Capitol Punishment
The feeling of the condemned man was indescribable, as he was minutes away from
being executed by an unjust decision. The verdict of his case was guilty on the
grounds of circumstantial evidence. When in all reality, he was guilty because
he was black, poor and socially unacceptable. His case never stood a chance, it
was over before it started. The judge and jury sentence the man to die in the
electric chair. The condemned man sat in the chair sweating profusely, waiting
for a someone to wake him from this nightmare. A certain death awaited this
young man's future. He could not believe that a country like ours upheld a
system of such unfairness. Then as he was executed, he shouted his last plea,

"I am innocent, please wait..." How can this innocent man be put to death in
a system based on fairness, and a theory of innocent until proven guilty. There
have been circumstances such as this, that were said to be true. This is one
example why capital punishment should be abolished in our country. Or should it?

Is capital punishment fair, and based on equality? Does it cost less than other
alternatives? Is it considered cruel and unusual punishment? And does the
presence of the death penalty deter crime? These are questions that need to be
answered to determine whether capital punishment should be abolished or
maintained in our society. To start, capital punishment is a racist and unfair
solution for the criminals in our system. It discriminates toward individuals on
the basis of their race, wealth or social standing in society. It is not right
to kill nineteen men a year out of hundreds and hundreds of convicted murderers.

These men are not being killed because they committed murder. They are being
killed because they are poor, black, ugly or all of these things. As capital
punishment becomes less and less likely to be applied, it becomes more likely to
be used in discrimination against those who have no money to afford a good
lawyer, those who are poor and powerless, personally ugly and socially
unacceptable. Since 1930, 89 percent of those executed in the United States for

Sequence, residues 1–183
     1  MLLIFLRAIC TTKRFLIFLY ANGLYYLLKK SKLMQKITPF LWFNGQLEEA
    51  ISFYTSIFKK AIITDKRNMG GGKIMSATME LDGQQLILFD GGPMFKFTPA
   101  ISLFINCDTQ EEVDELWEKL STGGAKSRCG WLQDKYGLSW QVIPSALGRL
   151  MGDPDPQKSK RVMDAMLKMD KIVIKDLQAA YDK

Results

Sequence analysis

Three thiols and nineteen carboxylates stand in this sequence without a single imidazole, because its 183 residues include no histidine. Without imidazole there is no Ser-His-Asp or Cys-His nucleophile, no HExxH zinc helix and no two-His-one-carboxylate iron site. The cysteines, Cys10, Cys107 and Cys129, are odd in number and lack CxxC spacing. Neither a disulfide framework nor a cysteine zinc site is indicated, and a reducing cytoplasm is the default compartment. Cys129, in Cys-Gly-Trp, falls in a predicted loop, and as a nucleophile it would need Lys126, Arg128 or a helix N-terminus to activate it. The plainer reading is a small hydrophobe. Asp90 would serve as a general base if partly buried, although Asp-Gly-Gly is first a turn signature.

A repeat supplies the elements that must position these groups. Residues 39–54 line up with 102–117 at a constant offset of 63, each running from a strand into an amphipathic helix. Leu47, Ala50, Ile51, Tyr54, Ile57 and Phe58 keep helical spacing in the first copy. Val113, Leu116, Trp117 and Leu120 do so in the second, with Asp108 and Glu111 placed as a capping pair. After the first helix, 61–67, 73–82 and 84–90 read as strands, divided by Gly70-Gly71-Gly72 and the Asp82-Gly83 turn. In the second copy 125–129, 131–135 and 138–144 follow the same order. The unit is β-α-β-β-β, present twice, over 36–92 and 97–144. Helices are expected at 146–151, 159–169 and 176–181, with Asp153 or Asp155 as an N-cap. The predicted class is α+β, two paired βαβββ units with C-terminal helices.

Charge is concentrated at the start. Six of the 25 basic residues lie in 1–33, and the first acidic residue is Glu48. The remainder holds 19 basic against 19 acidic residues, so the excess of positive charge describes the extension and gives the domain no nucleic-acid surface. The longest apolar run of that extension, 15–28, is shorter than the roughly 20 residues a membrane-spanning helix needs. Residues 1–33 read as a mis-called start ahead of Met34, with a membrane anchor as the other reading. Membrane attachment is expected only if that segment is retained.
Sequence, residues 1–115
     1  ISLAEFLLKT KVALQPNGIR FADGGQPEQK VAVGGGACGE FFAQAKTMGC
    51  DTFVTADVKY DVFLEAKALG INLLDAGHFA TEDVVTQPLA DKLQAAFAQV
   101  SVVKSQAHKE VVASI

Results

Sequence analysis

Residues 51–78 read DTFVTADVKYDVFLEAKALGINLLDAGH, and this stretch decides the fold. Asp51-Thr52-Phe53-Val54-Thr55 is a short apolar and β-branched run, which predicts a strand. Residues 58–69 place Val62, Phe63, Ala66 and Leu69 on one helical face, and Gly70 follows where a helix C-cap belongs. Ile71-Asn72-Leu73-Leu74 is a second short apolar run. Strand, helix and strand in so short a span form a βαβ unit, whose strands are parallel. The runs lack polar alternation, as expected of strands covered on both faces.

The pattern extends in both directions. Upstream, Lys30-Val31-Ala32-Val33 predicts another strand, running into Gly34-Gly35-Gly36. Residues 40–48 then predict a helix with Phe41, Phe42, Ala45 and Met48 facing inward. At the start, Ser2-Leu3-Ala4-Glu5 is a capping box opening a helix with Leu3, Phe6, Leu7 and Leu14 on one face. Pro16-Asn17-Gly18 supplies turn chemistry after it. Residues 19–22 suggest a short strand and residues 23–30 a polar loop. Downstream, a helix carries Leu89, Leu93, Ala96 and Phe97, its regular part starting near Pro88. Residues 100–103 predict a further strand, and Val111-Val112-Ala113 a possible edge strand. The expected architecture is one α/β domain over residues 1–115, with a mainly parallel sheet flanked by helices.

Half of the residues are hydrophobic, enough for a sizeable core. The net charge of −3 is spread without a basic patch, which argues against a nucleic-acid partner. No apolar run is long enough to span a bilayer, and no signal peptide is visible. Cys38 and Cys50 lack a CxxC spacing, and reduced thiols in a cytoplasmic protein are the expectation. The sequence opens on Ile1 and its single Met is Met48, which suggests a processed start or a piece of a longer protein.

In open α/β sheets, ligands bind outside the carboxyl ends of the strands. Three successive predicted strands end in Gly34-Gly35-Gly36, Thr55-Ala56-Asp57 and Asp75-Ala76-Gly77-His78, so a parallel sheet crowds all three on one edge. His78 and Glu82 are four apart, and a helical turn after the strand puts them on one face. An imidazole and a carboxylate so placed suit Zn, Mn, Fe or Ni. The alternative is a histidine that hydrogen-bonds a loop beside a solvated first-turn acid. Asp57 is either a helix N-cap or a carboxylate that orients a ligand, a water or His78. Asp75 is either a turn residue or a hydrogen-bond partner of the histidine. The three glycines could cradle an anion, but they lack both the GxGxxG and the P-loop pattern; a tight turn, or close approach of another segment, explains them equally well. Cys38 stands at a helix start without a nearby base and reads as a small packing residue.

rape have been black, as were 76 percent of those executed for robbery, 85.5
percent of those executed for assault by life-term prisoner, 48.9 percent of
those executed for murder, 100 percent of those executed for burglary. All
together, 53.5 percent of those we have put to death in this Nation since 1930
have been black (Bedau). Study after study turns up the same results, one can
conclude that there is a pattern of discrimination. One study shows that
prosecutors seek the death penalty most often when the victim is white.

Prosecutors sought the death penalty twice as often when the victim was white as
when the victim was a member of a racial minority. "In cases of white victims,

27 percent sought the death penalty, where only 19 percent in cases of minority
victims (Bedau)." In most states where the death penalty is instated, it is
done so to deter crime. I think the feeling toward capital punishment boils down
to two things. It is a kind of feeling most of us have that death really scares
us, and a harsh penalty, you have to say deters more than life imprisonment. But
if you took the death penalty away, most of us would be just as scared by a life
imprisonment. Secondly, most of us who are thinking about this subject are well
adjusted, normal, non-murderers. We do not commit murder, not because of the
existence of the death penalty, but because we are morally developed, life
respecting citizens. The people that do commit murders are of a different sort,
their minds do not work like the rest of us. Whether you call them insane,
phycopaths or whatever, no amount of punishment could have an effect on them.

Now that is not to say it is impossible that, in some few cases, the death
penalty did deter a capital crime. These cases, if they exist, must be very few,
since they do not show up in the comparative statistical studies. The states
with the highest homicide rates are states still seeking to put people to death.

While the states with the lowest homicide rates have abolished capital
punishment. "On a national average, the states that have abolished state death
penalty had a homicide rate of 4.6 per 100,000 population, compared to a 7.7
rate in other states (Bedau)." It is wrong for our government to kill in